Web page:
Segwit 2x Approaches

What is the Segwit 2x Fork?

Segwit stands for “Segregated Witness”. Segwit2x is a proposed update to the Bitcoin blockchain network. In response to issues of slow transactions, Segwit 2x will increase Bitcoin’s block size to 2 MB, making transactions much faster. With Segwit2x, data will also now be stored more efficiently in each block, improving the blockchain’s capacity. It also will add increased compatibility with outdated versions of Bitcoin software.

Segwit and Segwit2x

Two updates using the Segregated Witness technology have been planned so far, both connected with the “New York Agreement” which took place in May this year. In August, a “soft” fork took place. This took the form of the Segwit update, which brought in the Lightning Network to the blockchain. Now, despite vocal criticism from within the community, developers are continuing with the plan to implement Segwit2x on November 16th.

Segwit2x brings sidechain implementation, and is touted as a solution to current scalability issues. The update means that transactions between two different addresses will occur much quicker, an issue that has long plagued the Bitcoin. By increasing the block size to 2 MB per second, transactions should occur much more quickly. With Segwit2x, data will also now be stored differently in each block, improving blockchain’s capacity. It also will add increased compatibility with outdated versions of Bitcoin software.

Contrary to the August Segwit update, which was a “soft fork”, Segwit2x will be a “hard fork”, and will change Bitcoin’s protocol to such an extent that a new coin will be created, resulting in a new network and adopt the new terms and rules.

However, such occurrences are not unusual. On August 1st, there was a hard fork leading to the creation of Bitcoin Cash, and a few weeks ago, another fork took place that created Bitcoin Gold. In most cases so far, the forks have not substantially damaged Bitcoin’s rise in value.

Issues and Improvements

Although it has been planned since May, the hard fork is an issue of contention within the Bitcoin community, and the change does not come without vocal detractors. Some prominent developers and community members have argued against the update.

One point of criticism has been the choice implementing opt-in replay protection, rather than the strong replay protection implemented by bitcoin cash hard fork. Detractors believe this will compromise security of the overall blockchain and create additional, unnecessary complications.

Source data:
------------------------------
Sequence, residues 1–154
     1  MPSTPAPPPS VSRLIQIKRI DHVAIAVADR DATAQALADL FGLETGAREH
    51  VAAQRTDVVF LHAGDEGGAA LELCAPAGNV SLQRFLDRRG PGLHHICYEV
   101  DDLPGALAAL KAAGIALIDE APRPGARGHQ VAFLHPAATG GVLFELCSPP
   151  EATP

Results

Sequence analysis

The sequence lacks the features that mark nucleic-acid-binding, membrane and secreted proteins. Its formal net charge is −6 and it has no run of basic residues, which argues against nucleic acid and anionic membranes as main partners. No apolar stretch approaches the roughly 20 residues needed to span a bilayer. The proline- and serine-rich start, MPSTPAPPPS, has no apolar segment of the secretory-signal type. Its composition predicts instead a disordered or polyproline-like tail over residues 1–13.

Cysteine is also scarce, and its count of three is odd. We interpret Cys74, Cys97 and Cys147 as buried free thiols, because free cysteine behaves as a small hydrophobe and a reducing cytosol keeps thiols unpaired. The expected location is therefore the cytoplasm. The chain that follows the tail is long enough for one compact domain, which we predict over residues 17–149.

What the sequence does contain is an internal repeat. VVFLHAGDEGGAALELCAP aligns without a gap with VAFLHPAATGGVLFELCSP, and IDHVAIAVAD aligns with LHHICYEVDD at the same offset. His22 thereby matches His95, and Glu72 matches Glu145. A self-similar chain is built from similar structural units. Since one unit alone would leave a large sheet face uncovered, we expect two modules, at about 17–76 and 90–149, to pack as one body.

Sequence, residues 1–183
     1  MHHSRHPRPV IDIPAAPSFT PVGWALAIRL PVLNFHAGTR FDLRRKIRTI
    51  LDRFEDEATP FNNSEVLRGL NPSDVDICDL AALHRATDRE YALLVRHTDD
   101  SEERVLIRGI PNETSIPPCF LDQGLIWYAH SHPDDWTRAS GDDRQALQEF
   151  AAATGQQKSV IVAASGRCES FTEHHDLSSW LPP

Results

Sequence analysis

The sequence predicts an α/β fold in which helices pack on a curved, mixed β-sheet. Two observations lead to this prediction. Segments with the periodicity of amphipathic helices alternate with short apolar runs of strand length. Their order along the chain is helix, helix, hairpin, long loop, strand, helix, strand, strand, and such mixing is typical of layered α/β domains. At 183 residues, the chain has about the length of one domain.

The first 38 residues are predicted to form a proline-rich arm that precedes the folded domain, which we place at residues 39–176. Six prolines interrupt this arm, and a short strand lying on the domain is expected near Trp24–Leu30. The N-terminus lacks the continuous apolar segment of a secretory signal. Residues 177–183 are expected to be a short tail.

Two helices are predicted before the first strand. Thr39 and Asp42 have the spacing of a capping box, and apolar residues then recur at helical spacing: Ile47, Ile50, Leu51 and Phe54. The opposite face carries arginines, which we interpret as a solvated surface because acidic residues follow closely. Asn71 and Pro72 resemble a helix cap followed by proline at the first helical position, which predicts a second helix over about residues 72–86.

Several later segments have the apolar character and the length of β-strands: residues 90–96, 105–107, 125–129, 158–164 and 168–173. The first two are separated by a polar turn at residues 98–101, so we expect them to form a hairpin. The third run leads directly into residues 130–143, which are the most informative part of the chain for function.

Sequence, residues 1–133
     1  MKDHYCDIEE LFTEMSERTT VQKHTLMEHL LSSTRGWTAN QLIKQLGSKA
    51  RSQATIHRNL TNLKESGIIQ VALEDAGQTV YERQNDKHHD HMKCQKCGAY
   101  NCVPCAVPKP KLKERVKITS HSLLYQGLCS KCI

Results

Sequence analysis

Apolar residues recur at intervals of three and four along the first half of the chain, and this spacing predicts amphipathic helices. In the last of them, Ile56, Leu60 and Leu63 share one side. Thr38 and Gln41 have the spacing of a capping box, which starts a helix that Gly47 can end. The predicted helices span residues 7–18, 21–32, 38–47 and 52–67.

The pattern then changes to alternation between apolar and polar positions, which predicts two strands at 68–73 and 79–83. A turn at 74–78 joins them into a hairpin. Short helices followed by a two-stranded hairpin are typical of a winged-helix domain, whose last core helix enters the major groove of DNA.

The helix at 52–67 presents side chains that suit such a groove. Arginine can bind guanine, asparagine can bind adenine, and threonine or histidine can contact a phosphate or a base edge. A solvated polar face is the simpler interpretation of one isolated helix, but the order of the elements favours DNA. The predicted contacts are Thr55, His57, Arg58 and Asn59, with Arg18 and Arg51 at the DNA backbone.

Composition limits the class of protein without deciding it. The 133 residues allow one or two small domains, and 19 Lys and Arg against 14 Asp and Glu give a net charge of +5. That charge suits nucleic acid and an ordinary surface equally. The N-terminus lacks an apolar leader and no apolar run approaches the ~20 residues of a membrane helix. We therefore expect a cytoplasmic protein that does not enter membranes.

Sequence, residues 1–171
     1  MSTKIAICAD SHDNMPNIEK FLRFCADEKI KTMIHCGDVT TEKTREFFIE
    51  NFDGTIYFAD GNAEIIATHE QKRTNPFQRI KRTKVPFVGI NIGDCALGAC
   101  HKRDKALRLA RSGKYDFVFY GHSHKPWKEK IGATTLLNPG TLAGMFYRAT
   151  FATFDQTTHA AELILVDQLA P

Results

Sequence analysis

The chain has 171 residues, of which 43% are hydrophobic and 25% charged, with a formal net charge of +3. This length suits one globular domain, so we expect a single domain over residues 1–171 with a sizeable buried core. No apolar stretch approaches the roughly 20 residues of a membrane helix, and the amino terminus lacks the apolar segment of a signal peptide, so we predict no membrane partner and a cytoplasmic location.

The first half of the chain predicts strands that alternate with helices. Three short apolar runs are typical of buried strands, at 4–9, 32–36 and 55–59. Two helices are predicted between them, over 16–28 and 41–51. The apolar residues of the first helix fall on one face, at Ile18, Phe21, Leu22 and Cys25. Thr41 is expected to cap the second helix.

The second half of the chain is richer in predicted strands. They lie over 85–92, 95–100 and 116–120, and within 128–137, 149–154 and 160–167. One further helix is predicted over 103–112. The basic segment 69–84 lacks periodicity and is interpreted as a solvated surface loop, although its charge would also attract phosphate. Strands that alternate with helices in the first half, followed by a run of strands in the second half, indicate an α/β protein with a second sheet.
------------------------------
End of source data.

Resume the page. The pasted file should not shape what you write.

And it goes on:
One fear is that with the new system, two bitcoin transactions will be able to be copied from each other (“replayed” from one chain to another) without the necessary protections in place to ensure that copy-only transactions are not valid. This has created considerable controversy.

However, to many, the benefits of the update outweigh any potential complications. Right now, Bitcoin’s blockchain is rather slow to process transactions (it is capable of processing one-megabyte’s worth of transactions every ten minutes.) This means that the maximum speed is between three and seven transactions per second. A steady increase in users means that the network is growing slower and slower.

The Bitcoin Cash fork already implemented an attempted solution to this problem: increasing block size. The block limit for Bitcoin Cash is eight megabytes; thus, it is faster, with more processing power, than Bitcoin. However, that fork’s detractors argue that an increased block size is only a temporary fix, and that the problem will return. Another attempted solution, undertaken in the fork that created Bitcoin Gold, lowered the mining difficulty, and allowed blocks to be added to the blockchain much more quickly.

What’s Ahead

The upcoming SegWit2x fork will create a new currency that will double Bitcoin’s block size to two megabytes. Additionally, transactions under SegWit2x will be smaller in terms of data size.
Some commentators are predicting that the fork will keep Bitcoin prices at $7,500, while others have expressed worry that it will fragment the market and send prices down. However, as we have seen many times in the past, those who’ve been able to hold onto their Bitcoins through such changes have reaped the rewards.


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